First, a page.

By Desmond Boylan
In Cuba, it is legal to own fighting cocks, it is legal to train them, and it is legal to put them to fight, but one detail – all forms of betting and gambling are strictly forbidden since 1959, when the Cuban Revolution started. And the sole reason to fight cocks is to bet on them. It is an activity so popular among Cubans that stopping it would pose a huge challenge for the authorities and would be counterproductive.
I spoke to a man named Yurien, who said, “President Raul likes cockfighting, our commanders Ramiro and Guillermo also like it, and we like it. Cockfighting is a part of Cuba so we do it with order and discipline. It is unstoppable. There are also a few legal arenas set up by the state, and even in those betting exists, but in a quiet and discreet way.”
The most impressive site used for illegal cockfighting I visited was a military anti-aircraft shelter built into the side of a hill on the outskirts of a Cuban city, reachable after a short trek through thick bush. It struck me as a place in the middle of nowhere. The site was full of people enjoying an afternoon with their favorite pastime, cockfighting. As I arrived a man quickly came over with the entry tickets, in a highly organized manner. The fights were on and the cocks were safe, very safe, in the shade of the underground bunker.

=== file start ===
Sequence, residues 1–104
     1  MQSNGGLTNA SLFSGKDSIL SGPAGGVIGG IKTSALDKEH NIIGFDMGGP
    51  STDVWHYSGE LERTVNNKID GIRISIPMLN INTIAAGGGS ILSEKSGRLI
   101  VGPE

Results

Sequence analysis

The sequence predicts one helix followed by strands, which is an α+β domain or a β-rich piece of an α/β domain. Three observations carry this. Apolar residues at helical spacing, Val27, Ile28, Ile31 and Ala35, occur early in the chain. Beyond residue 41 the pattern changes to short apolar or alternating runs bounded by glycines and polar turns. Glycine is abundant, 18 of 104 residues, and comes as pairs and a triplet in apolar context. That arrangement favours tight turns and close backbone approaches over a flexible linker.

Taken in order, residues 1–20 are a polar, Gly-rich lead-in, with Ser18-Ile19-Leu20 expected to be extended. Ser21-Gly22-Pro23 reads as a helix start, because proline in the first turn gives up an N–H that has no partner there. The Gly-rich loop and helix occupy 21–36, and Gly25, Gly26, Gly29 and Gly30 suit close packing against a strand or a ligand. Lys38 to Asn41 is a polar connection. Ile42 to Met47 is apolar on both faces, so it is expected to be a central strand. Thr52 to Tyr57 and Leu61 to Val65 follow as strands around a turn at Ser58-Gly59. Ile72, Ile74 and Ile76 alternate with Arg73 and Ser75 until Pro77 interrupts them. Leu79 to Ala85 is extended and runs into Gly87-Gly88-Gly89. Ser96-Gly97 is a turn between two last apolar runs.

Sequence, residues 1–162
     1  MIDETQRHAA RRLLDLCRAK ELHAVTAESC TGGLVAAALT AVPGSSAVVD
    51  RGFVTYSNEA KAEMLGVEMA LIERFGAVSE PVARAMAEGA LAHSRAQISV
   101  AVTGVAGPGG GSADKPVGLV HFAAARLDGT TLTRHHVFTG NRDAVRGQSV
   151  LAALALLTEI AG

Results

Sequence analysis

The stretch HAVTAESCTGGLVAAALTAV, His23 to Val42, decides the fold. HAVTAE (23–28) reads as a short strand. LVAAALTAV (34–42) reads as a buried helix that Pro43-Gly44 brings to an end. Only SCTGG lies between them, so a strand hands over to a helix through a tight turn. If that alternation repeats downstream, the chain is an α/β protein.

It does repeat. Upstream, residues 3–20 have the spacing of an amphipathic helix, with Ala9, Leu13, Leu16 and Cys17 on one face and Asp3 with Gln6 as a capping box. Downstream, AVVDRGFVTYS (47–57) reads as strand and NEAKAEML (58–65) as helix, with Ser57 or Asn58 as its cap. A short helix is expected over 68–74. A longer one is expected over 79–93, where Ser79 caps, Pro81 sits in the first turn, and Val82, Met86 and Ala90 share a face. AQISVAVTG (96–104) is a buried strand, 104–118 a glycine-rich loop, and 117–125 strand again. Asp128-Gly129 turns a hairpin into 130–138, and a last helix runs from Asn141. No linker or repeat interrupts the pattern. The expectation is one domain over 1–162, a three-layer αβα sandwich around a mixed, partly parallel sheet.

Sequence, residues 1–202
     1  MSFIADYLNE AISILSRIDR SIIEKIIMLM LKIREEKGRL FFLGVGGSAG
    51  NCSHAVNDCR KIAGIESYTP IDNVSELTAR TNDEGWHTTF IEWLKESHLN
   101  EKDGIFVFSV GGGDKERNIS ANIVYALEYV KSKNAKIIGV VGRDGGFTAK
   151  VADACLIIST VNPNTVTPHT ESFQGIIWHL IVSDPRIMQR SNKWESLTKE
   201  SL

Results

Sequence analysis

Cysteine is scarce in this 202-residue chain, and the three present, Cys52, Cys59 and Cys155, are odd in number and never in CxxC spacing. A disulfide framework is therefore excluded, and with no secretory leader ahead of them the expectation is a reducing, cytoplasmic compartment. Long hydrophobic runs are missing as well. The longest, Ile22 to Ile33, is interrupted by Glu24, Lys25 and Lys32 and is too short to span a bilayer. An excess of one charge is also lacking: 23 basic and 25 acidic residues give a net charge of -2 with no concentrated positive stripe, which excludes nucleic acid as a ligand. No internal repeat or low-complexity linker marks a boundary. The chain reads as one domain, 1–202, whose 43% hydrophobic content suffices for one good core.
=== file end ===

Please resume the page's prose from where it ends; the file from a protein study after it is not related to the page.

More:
When I was leaving the bunker I met a boy carrying his injured fighting cock through the bush. His bird had lost the fight that day and he was sad. He said, “We will be back to win. I will cure my bird, and he will be back, even if now he only has one eye.”
To reach the fight arena you have to know exactly where you are going, and when the fights are to take place. There are not signs, no announcements. This site and others are always concealed and hidden away down a dirt road lane and in the bush on the outskirts any Cuban city. Curiously, the steep paths or the bits of the lane on which car wheels skid in mud when it rains, are paved, yes, paved with asphalt. Money has been invested to ensure that participants and spectators make it to the site even if it rains.